The FBI is investigating the armed standoff on federal lands
An estimated 300 people, many toting weapons, joined Bundy
The FBI is investigating the armed standoff on federal land between the U.S. government and Southern Nevada rancher Cliven Bundy and his supporters, CNN has confirmed.
The government is looking into the possibility that federal laws were broken in the April 12 standoff, including threats against law enforcement officers and the use of illegal weapons. Federal authorities are also concerned about the possible involvement of anti-government groups.
While authorities are interested in not inflaming the situation, reports of people pointing weapons at law enforcement need to be investigated, a federal official told CNN.
Las Vegas television station KLAS reported that pictures and videos from the standoff are being examined and law enforcement personnel involved are being questioned by the FBI to determine if Bundy supporters broke any laws.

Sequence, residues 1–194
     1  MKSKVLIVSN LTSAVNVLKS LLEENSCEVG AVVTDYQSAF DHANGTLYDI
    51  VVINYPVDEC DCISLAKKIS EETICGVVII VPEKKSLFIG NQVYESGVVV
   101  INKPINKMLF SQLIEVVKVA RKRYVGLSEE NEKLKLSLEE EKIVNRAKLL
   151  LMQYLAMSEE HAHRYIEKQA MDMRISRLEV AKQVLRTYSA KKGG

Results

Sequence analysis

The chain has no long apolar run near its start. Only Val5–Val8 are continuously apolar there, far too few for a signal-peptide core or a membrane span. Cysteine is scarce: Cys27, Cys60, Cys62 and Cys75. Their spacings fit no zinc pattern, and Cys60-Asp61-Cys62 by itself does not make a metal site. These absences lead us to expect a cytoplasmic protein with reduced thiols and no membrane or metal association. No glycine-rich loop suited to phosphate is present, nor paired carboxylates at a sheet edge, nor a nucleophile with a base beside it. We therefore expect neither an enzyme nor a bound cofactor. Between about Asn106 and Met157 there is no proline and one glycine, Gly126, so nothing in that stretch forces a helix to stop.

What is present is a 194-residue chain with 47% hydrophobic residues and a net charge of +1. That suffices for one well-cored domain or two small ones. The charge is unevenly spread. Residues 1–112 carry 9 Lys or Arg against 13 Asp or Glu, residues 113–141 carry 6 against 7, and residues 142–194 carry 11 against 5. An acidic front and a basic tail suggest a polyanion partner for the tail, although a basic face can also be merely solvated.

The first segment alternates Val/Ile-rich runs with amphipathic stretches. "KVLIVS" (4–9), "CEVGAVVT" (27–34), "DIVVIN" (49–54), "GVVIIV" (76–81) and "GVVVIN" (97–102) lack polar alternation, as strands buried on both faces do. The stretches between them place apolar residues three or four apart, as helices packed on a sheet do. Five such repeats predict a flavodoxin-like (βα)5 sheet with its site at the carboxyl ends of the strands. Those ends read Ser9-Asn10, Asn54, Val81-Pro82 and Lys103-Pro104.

An estimated 300 people, many toting weapons, joined Bundy when the federal government began to round up his cattle after he refused to vacate federally owned land and pay more than $1 million in fees. The faceoff that began last month is the culmination of a two-decade-long fight between Bundy and the Bureau of Land Management, which says Bundy illegally tends his cattle on taxpayer-owned land about 100 miles northeast of Las Vegas.
What made Nevada rancher fight the feds?
Bundy became a conservative symbol of government overreach as some high-profile politicians, including Sens. Ted Cruz of Texas and Rand Paul of Kentucky, flocked to his defense. But after he repeatedly made racist remarks, his clout diminished among the political class.
The Bureau of Land Management halted the cattle roundup and is considering what to do next, including arresting Bundy for failing to follow the law, seizing his assets through the Treasury Department or sending the case to the Department of Justice.